“Yes, so you want to know more about what Shukri said right?” was Datuk Paul Low’s first sentence.
“What was said … that is not the whole truth,” added the former Minister in the Prime Minister’s Department.
Low was responding to Malaysian Anti-Corruption Commission (MACC) chief commissioner Datuk Seri Mohd Shukri Abdull‘s damning revelations following investigations on the SRC International Sdn Bhd RM42 million financial scandal linked to former Prime Minister Datuk Seri Najib Razak that concluded in 2015.
The investigations got heated along the way which led to Shukri, who was then MACC’s No. 2, leaving the country for Washington DC for fear of his safety. Two of his men were transferred to the Prime Minister’s Department.
Shukri had in his press conference in Putrajaya this morning revealed he called two former ministers – Low and Datuk Seri Shahidan Kassim – following the transfer of his two men. Shukri admitted to even threatening the minister to release his officials.
The two who were transfered in 2015 were special operations director Datuk Bahri Mohd Zin and strategic communications director Datuk Rohaizad Yaakob.
Low tells Twentytwo13 his version of what transpired in 2015.
So what is the whole truth?
Low: I had been dealing with (then) MACC chief commissioner Tan Sri Abu Kassim Mohamed. It was Abu Kassim, and not Shukri who proposed a taskforce to investigate SRC International. I gave Abu Kassim my blessings and told him to go ahead (and form the committee). Functionally they are an independent institution and will act professionally. So I told Abu Kassim to do what he had to do and do what was necessary. Then the attorney-general Tan Sri Abdul Gani PatailGani Patail was told to leave but I still supported the investigation.
What about Shukri’s threats demanding the return of his men?
Low: The two MACC men were transferred out and an appeal came to me from within … and no, it wasn’t Shukri. I initiated the process to get the officers back to MACC. I was widely reported then as saying MACC officials should be independent of civil service so that there will be no fear of being intimidated or transferred. Shahidan told me about the transfers and said we needed to do something about it and we did.
When Shukri returned from Washington DC, I broke protocol by waiting for him to receive him at the airport, to assure him his officers have returned to MACC.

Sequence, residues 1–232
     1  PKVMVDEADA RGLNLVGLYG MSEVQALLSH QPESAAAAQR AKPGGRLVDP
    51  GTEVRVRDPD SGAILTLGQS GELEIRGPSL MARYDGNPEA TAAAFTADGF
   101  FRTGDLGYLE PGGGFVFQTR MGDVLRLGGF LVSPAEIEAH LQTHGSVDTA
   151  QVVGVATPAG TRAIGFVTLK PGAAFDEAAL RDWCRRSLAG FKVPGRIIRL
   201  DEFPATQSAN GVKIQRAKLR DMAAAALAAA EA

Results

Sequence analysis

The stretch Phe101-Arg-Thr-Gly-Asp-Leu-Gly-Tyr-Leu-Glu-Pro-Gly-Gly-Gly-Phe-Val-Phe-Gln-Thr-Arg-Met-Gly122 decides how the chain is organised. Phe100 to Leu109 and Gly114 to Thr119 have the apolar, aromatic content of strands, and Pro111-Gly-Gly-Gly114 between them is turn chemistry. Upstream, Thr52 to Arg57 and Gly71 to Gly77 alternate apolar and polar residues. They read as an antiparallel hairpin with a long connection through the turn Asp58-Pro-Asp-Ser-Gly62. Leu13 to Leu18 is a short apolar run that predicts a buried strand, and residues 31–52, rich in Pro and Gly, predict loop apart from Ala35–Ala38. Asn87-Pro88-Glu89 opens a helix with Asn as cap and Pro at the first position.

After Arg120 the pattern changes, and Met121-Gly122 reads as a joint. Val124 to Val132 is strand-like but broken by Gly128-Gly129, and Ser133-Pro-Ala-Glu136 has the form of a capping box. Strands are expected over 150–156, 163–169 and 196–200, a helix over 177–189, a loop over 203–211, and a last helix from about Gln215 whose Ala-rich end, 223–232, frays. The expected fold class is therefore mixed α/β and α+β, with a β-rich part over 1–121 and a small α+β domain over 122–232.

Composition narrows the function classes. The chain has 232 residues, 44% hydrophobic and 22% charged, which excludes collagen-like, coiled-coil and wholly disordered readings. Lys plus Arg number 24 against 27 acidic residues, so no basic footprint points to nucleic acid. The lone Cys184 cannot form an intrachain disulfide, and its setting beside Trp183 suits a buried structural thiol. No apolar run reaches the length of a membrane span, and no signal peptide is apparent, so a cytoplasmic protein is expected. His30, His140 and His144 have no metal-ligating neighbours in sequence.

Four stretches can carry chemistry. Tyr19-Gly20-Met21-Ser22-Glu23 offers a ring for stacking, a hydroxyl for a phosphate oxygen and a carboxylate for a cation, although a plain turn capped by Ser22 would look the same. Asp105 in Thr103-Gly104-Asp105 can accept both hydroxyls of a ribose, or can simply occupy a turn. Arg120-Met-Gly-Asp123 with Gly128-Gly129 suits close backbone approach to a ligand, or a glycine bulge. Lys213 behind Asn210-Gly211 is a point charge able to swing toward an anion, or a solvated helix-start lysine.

Shukri said he met ministers, informing them about Najib and the SRC scandal. Did he meet you?
Low: No, he didn’t. If he had met me, I would have told him that he was the investigating officer and would have to do what he had to do. No one is above the law.
Has this revelation somehow tainted your reputation as a former minister and former Transparency International-Malaysia president?
Low: This is not a hazard. I’m always subject to people’s opinions. I know what he has gone through. I sympathise with him. I know he is quite hurt and the last thing I want to do is to have a debate with him. But he was then the No. 2 and was not aware of the whole process. I’ve always been supportive of MACC’s cause and worked within what was required of me by the previous government. Did I support the taskforce Abu Kassim proposed? Yes.
Will you assist the new government?
Low: If I’m required. I’m finding a chance to speak to the newly formed Committee of Institutional Reforms. Transformation does not happen overnight. I did what I could within the previous regime and now will continue to do what is required of me under the new regime.
Now you are willing to work with the new government, aren’t you afraid of being called a ‘lalang’?
Low: I believe you must allow all types of people who speak sensibly to air their views and suggestions … whether from the previous or current regime. Many will talk but they remain armchair critics. If I shy away … if I do that, then I’ll be a coward. This is my principle. I’m not obliged to serve those who criticise me, I’m obliged to serve the nation.
What are your thoughts about Najib?
Low: I don’t like to talk about my bosses, good or bad. If I give him credit, I will be accused of being an apple-polisher or that I was bought. If I speak about his weaknesses, then people will say only now I’m trying to be a hero. I have my ethics.
But you kept quiet despite many parties claiming there were massive wrongdoings within the system?
Low: I aired my views during meetings. I told the Cabinet what I needed to say. The institution is like that and thus you now have a new government changing the institution, the way the system works. It’s okay if people criticise me. I could have quit, become a so-called hero and who knows, be appointed back into the system by the new government. It takes a coward to resign. My task was to reform the system and I did that to my best ability. I chose to stay because I wanted to implement the changes. And there is still unfinished business.